With the US government’s acceptance of the petition, a process will begin. There will be a public hearing, likely in August, to discuss the worker rights issues raised by the AFL-CIO in its petition. The government of Sri Lanka will be invited to participate in the hearing. Before the hearing, the US and Sri Lankan government will engage in a dialogue on any areas of concern with respect to worker rights.
The US Embassy said the acceptance of the petition is not a decision to revoke GSP nor does it set a deadline for a decision on action on GSP privileges. It is the beginning of a formal, collaborative process to work with the Sri Lankan government to address the concerns in the petition and work to improve support of and adherence to worker rights. GSP privileges will continue throughout the process.
Founder President of the National Chamber of Exporters (NCE) Patrick Amarasinghe said he believed the US might be taking up this issue as an excuse to restrict imports from Sri Lanka. Mr. Amarasinghe, who is also a former Chairman of the Federation of Chambers of Commerce and Industry of Sri Lanka (FCCISL), said various non-tariff barriers had been brought in by different countries under various slogans to restrict imports. “It’s quite apparent that there is an organized campaign against us,” he said. “The local trade unions need to take up some of these issues but the US unions are bringing it up to restrict imports.”
Mr. Amarasinghe said the garment industry and all exporters who benefited under the GSP concessions would be affected. “These are good lessons for us. We should now pull up our socks and not be dependent on subsidies and benefits from other countries.” He added that Sri Lanka must change its internal policies which are affecting productivity in the country.
Sri Lanka’s Trade Union Confederation (TUC) said the US GSP complaint accepted by the US government is a direct result of poor labour conditions and non-compliance with international labour standards of the International Labour Organization (ILO), especially by apparel sector employers and the Sri Lankan government. The TUC statement said the complaint draws attention to poor enforcement of labour laws in Export Processing Zones and the apparel sector and restrictions to form union federations consisting of public-private sectors amongst others.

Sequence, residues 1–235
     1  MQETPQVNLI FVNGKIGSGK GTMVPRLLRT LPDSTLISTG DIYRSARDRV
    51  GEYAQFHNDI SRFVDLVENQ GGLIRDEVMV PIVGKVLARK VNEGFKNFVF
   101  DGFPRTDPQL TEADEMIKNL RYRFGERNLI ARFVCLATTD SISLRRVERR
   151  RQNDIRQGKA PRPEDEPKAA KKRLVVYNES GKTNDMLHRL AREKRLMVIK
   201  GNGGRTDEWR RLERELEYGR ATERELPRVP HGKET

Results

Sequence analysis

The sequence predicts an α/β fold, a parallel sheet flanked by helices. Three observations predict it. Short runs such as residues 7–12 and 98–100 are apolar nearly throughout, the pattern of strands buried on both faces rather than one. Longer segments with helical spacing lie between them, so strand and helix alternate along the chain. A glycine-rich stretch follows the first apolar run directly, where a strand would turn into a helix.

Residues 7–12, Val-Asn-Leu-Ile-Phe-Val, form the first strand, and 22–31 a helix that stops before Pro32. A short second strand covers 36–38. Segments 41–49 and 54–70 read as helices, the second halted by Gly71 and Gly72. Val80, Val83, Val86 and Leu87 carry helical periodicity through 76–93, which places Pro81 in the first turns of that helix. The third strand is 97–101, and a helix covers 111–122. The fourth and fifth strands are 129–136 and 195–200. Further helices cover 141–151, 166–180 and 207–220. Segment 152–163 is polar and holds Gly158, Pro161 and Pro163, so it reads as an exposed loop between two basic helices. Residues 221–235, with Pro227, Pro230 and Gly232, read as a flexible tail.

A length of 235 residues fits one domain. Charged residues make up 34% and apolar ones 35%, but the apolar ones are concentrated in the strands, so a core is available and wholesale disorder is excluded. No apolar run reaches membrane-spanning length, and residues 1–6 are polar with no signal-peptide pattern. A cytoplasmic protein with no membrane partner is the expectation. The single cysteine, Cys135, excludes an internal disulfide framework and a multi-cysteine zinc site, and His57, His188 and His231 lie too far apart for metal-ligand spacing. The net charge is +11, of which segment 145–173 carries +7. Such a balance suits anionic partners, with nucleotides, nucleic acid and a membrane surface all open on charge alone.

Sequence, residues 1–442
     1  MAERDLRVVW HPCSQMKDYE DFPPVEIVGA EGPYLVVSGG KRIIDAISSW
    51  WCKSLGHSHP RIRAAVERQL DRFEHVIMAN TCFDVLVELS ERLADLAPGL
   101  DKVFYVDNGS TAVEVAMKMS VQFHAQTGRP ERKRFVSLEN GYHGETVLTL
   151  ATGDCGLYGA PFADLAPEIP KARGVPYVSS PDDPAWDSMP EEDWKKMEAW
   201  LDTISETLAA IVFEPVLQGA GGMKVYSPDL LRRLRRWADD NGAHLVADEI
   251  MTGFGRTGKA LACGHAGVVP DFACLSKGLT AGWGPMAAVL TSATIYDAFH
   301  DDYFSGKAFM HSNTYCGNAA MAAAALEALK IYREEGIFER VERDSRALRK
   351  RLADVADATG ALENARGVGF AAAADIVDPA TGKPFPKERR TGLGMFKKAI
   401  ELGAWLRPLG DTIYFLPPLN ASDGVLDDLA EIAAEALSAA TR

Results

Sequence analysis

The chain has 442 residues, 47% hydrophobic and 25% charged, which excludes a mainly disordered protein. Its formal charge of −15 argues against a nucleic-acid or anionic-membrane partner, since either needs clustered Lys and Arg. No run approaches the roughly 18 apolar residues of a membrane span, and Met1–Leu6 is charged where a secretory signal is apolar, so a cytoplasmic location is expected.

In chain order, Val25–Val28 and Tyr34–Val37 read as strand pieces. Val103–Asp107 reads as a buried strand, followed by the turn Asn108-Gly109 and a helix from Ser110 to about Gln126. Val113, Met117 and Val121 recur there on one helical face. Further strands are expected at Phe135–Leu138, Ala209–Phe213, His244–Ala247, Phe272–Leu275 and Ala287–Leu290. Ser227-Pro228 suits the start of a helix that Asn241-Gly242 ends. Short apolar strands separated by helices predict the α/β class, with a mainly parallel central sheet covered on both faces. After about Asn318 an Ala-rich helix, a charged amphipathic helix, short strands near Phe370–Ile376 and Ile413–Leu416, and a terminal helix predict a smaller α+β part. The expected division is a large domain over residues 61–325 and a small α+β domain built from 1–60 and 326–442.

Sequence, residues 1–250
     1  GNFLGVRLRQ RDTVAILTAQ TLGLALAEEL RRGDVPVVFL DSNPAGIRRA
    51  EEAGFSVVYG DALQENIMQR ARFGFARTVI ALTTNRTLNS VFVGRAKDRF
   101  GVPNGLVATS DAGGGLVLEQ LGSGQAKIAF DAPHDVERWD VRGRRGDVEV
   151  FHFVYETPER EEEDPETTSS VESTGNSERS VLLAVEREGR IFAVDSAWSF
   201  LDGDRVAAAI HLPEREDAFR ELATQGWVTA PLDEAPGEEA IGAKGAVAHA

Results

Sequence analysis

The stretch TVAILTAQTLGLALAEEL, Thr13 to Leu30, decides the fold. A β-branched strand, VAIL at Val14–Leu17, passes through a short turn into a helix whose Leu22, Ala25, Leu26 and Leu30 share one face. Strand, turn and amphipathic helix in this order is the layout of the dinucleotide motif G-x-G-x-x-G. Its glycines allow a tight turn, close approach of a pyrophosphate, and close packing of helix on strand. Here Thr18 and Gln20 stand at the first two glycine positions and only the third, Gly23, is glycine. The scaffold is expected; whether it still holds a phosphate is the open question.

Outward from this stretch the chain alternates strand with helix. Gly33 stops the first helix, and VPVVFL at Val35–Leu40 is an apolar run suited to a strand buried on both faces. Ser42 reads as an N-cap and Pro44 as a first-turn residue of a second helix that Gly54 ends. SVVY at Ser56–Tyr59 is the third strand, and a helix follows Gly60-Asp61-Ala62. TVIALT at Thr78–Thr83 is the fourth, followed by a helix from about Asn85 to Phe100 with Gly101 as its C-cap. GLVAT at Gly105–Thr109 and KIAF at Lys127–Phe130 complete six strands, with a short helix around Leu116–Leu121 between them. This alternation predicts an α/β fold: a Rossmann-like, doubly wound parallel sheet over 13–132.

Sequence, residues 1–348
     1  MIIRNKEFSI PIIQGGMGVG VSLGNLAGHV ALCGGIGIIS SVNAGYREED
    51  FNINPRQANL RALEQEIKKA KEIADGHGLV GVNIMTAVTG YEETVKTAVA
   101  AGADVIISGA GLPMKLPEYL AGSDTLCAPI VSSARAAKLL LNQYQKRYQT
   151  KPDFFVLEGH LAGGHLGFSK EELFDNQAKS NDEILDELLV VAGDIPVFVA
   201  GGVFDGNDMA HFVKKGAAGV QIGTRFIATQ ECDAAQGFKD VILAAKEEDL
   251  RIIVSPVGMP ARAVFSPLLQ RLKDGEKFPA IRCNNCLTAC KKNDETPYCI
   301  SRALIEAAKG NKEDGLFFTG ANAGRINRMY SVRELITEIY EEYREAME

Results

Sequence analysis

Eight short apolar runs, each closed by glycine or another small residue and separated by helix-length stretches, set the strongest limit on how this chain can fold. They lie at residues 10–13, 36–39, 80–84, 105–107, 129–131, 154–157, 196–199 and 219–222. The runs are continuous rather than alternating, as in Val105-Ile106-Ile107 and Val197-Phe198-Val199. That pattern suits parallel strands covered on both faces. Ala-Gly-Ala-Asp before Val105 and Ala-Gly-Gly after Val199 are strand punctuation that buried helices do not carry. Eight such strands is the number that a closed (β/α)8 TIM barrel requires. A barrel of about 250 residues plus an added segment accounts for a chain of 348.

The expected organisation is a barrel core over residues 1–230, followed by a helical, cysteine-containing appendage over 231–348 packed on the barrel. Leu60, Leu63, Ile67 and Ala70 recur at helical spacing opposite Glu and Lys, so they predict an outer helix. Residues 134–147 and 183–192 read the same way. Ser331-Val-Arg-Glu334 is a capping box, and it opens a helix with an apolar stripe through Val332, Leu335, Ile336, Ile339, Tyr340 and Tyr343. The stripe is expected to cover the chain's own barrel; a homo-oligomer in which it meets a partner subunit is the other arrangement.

The TUC added that the AFL-CIO submitted the complaint to the US government as all efforts of local unions to address issues with the Sri Lankan labour authorities failed despite repeated attempts. The TUC said the complaint is inundated with solid and verifiable evidence relating to a plethora of violations of labour standards such as restrictions on freedom of association and collective bargaining, anti-union discrimination and non-enforcement of labour laws. A key issue raised in the complaint is Sri Lanka’s non-compliance with the recommendations of the ILO quasi-judicial body’s decision on the restriction of the right to strike.
The TUC also noted that the US government held extensive high-level consultations with government representatives, trade unions and apparel sector employer organizations over the last 18 months prior to accepting the complaint. Therefore, the decision to conduct the review is not ad hoc but based on credible information.
General Secretary of the Ceylon Mercantile, Industrial and General Workers Union (CMU) Bala Tampoe is urging the government to implement in law the National Workers’ Charter. Speaking to the Sunday Times this week, Mr. Tampoe said he is not only speaking as the General Secretary of the CMU but as a member of the National Labour Advisory Council which he sat on with President Mahinda Rajapaksa in 1995 when the President was then Labour Minister. Mr. Tampoe said if the Charter is implemented, rights will at least be enforceable by law and will serve as the best response to the US government or any other government on the issue of workers’ rights in Sri Lanka.
Today, many workers’ rights cannot be enforced because existing laws are inadequate and the Labour Department does not implement them. Mr. Tampoe said laws for the protection of labour exist but with regard to basic ILO conventions, particularly freedom of association and collective bargaining, they are only acted upon to a limited extent by employers. “The vast majority of workers in the private sector are unorganized and when they try to organize, the present laws in the country and the way in which they are applied by the Labour Department doesn’t benefit them at all.”